A Ford vehicle to eventually be made into a self-driving car outfitted with cameras at a Ford terminal
When Sheryl Connelly was growing up in Metro Detroit, she worried that the ease of newfangled power steering was going to lull Americans into oblivion.
"I had this vision as a little girl that there'd be a bunch of drivers that were sleeping behind the wheel," said Connelly, the in-house futurist for Ford Motor Co.
Prediction is perilous work, and that scenario failed to come to pass (though the November arrest of a sleeping California driver in a partially automated Tesla evoked similar anxieties.)
But as self-driving vehicles and electric scooters mix with pedestrians, cyclists and traditional motorists in congested communities from Washington to Arizona, government and corporate leaders have been pushed in new ways to try to predict the future and plan for what's coming.
A Ford vehicle that will eventually become a self-driving car is outfitted with cameras at the Ford terminal during an autonomous-mapping meeting in the District of Columbia (WP)
The stakes are high for both. Just as companies such as Ford have to give customers what they want, cities must try to provide the quality of life residents demand, Connelly said, and those basic tasks are made more complicated by the dramatic pace of change in transportation.
"Somewhere along the way, we had the obvious, but latent, idea that we need to build cars that people want. I think cities have the same thing," Connelly said, adding that urban planning has become one of the world's most influential jobs.
"In the days of Henry Ford, it was the industrialists. Then in the '40s and '50s, it was the civil engineers that created the roadways and the highways. I think this is the moment of urban planners," she said.
Ford will begin testing self-driving vehicles in the District of Columbia early this year, with plans to launch them commercially in Washington, Miami and other cities in 2021. Waymo began rolling out a commercial robo-taxi service in suburban Phoenix in early December, and autonomous shuttles are coming to cities from Youngstown, Ohio, to Jacksonville, Florida.
Officials have sought to steer, or at least keep up with, the developments. Working with the Aspen Institute and Bloomberg Philanthropies, the District joined Los Angeles, Austin, London and Sao Paulo, Brazil, among other cities, in crafting common goals for the driverless-car developers poised to affect their communities.
High on the list of priorities is cutting greenhouse gases and other pollution, eliminating congestion and ensuring that officials have the opportunity to adapt as changes barrel ahead.
As District officials put it, they don't want to be stuck "making 100-year decisions for technology that is changing in 10 years."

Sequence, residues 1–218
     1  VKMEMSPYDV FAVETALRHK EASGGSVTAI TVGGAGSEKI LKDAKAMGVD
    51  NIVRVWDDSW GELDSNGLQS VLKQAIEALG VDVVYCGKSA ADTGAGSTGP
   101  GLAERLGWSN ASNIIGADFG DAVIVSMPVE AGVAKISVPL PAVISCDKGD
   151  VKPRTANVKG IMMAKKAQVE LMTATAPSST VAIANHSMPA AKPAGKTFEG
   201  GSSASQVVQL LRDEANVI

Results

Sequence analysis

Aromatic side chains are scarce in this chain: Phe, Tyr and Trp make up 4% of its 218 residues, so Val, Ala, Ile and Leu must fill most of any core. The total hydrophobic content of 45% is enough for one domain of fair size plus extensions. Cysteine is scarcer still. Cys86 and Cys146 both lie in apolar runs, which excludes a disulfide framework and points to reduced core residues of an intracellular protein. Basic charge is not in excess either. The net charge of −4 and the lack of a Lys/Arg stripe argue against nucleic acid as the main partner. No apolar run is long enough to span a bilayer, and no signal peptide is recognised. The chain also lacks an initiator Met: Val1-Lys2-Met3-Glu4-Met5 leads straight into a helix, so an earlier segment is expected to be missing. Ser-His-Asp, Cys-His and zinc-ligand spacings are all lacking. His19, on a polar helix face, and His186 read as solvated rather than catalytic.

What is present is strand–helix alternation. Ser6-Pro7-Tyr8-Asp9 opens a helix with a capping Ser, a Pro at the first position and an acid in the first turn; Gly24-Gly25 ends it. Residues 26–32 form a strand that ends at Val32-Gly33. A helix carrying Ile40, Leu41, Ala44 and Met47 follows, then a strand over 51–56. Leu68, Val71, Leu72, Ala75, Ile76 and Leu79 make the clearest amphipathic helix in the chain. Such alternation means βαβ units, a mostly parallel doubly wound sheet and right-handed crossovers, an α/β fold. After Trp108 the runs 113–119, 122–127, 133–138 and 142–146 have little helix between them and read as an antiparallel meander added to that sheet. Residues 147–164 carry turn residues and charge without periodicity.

One upside to planning for the future at this moment is that cities can perform test runs before going big. Unlike with a major investment such as a streetcar line, shared self-driving taxi, shuttle and bus services can be piloted first, said Andrew Trueblood, the District's interim planning director.
"Streetcars, as even D.C. shows, they have their pluses and minuses," Trueblood said. "The nice things about these is, if you do a pilot, you can see how it works – you can see if it works."
Ford will begin testing self-driving vehicles in the District of Columbia this year, with plans to launch them commercially in 2021 (WP)
Connelly trained as a lawyer and has an MBA. She said she didn't even know "futurist" was a job until she stumbled into the position 15 years ago, after sales, marketing and other roles at Ford.
Soon after she started, with a charge to think further out and be provocative internally, she faced pushback. She was pointing to the "rise of the rental economy." People were renting handbags, black-tie attire and baby clothes. They were even renting pets.
"I said the drivers underneath it are evergreen. It gives people access to things they can't otherwise afford," Connelly said.
Given the speed of technological change, people also wanted to avoid buying into "scheduled obsolescence," she said. And even if money wasn't a factor, "sometimes alleviating the burden of ownership has great appeal," she told her colleagues.
"I remember somebody said to me, 'What part of the fact don't you understand that we only make money on the cars we sell?'" Connelly said. "I respectfully say most of the people who work for Ford do so because they love cars. And trying to say they wouldn't be universally loved in the future was saying their baby was ugly. It wasn't well received."